Using Failure to Further Your Future by Chris Widener

Chris WidenerBegin to tell yourself the good stuff! Change the direction of your thinking and begin to see the possibilities of success, not failure. “You may have to fight a battle more than once to win it.” Margaret Thatcher Failure. Even the word sounds bad, doesn’t it? That is because since the time we were just young children we were taught that failure was bad. But is that true? Is failure bad? Let’s consider some things. I like a baseball analogy. Do you know what the record is for a season batting average (That means how many times the batter successfully hit to get on base)? It is a gentleman by the name of Ted Williams and his season batting average was .411 one year. That means that out of 1000 times at bat he would get a hit 411 times. That is considered by baseball fans as one of the greatest records ever. There are players making millions of dollars who hit .280! NULL

But what does that stat also tell us if we flip it around? It tells us that the best season any batter ever had in the major leagues was a FAILURE RATE of .589!

Even the best fail on a regular basis!

What about the richest people on Wall Street? Do they fail? Of course they do. They pick the bad stocks sometimes, but they cut their loses and learn from their failure. Did Michael Jordan miss shots? Over 50% of them! So what about all this? What does this mean for us? The fact is, I think we can learn a lot about failure that will actually make us a great success. So here are some thoughts to help you use failure to further your future! Failure is inevitable if you are trying for greatness. Failure is something we must accept as a part of the road we travel to success. This is a very important item and number one on the list because a lot of what stops people from pursuing success is their fear that they may fail and not reach their destination. When we embrace the fact that we will fail, and that is okay, then we have nothing to fear anymore. Instead, we keep our eyes open and pick ourselves up, adjust from the failure, and move on. Failure is never failure unless you fail to learn something from it. That’s right, we ought to stop calling these bumps in the road “failures” and start calling them “Learning Experiences!” When you fail, the first thing you should think is “What can I learn from this?” If you can pull just one idea out of that question, then the experience was worth it. Sometimes failure is a blessing in disguise. Just ask the 3M Company. They were looking for an incredible adhesive and actually got a sticky paste that held, but not permanently. What a failure! No, instead, they spread some on the back of little sheets of yellow paper and called them “Post-It Notes.” Have some? I’m sure you do. The 3M company thanks you for rewarding their “failure.” People won’t think poorly of you if you fail. This is perhaps the biggest myth, and the one that causes us to never attempt our dreams. We don’t try because of what Aunt Martha may say about us at the family reunion.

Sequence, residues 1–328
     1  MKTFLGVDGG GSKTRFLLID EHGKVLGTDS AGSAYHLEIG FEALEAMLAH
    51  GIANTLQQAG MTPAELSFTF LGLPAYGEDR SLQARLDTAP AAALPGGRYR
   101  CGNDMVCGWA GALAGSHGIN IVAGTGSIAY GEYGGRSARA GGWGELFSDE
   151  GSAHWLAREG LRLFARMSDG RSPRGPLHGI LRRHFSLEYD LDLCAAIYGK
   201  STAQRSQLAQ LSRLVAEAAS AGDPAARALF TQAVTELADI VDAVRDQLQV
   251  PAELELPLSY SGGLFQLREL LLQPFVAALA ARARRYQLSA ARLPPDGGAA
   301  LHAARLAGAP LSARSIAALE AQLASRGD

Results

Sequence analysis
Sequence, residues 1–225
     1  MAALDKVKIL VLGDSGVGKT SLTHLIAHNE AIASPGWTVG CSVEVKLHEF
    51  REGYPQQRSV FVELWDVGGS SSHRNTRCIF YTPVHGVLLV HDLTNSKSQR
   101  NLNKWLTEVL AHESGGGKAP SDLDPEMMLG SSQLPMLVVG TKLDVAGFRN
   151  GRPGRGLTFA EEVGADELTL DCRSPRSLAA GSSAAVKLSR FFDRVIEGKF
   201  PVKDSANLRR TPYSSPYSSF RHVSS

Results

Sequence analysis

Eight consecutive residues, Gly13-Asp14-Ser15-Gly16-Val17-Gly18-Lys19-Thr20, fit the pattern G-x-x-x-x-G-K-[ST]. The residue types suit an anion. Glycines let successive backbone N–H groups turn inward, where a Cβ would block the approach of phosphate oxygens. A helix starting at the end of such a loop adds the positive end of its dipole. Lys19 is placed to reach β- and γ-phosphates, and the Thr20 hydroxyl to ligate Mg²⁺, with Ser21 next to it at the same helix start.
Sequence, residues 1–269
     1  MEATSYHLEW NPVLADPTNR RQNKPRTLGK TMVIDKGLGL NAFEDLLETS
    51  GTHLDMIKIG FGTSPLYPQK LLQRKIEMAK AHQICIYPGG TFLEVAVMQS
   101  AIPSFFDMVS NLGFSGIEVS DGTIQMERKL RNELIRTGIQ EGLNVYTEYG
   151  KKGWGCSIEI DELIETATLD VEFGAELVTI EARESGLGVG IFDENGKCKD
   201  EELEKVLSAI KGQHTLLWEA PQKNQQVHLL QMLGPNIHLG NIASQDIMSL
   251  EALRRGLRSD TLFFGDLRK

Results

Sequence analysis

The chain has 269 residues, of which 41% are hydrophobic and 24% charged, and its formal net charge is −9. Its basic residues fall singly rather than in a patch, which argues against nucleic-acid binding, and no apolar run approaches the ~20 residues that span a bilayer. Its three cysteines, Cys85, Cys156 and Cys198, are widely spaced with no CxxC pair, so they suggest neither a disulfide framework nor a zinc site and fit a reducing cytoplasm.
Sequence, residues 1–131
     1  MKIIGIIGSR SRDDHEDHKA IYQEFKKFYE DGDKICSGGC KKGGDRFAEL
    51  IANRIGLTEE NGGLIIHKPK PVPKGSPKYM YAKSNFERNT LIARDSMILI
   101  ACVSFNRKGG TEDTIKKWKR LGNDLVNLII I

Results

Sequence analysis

The truth is, however, that people will actually respect you for trying. The only thing I have found that people think poorly about you is if you handle yourself badly when you fail. Sore losers get the bad press, not people who attempt great things!

Failure isn’t the end but the beginning. One of our greatest fears is that our whole world will collapse if we fail. Or at least the project will. The truth is that that rarely happens! Most of the time we can pick back up again, make some adjustments and be on our way! This is a new beginning. Now there is no need to go down the road you have already taken, so there is one less option you have to try on your new journey. Sometimes we miss out on success because we quit in the middle of a problem and it becomes a failure instead of an obstacle we could have persevered through. When people encounter trouble they have a tendency to quit. And then they see themselves as having failed. My question is this: What if they would have kept on going – persevered? Perhaps they would have struggled a bit and then broke free again. The failure happened only because they quit! So don’t give up – keep pushing – and perhaps you will see yourself through to victory!

The greatest thing to overcome is the fear of failure. Most of the battle is right between our ears.

It has been said that “we have nothing to fear but fear itself,” and that is true because in most of our “failures,” the end result is usually much less than we feared it would be. Yet in giving into fear and not trying, we suffer the ultimate consequence – no success! So begin to tell yourself the good stuff! Change the direction of your thinking and begin to see the possibilities of success, not failure. Remember, properly looked at, failure can help you further your future! Bonus: Questions to ask yourself when you “fail”:

What can I learn from this? What did I do right in this? Where did this go wrong? How can I start again? What resources do I need to make sure this doesn’t happen again?

Then use the answers to these questions to plot your new course.


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Chris Widener
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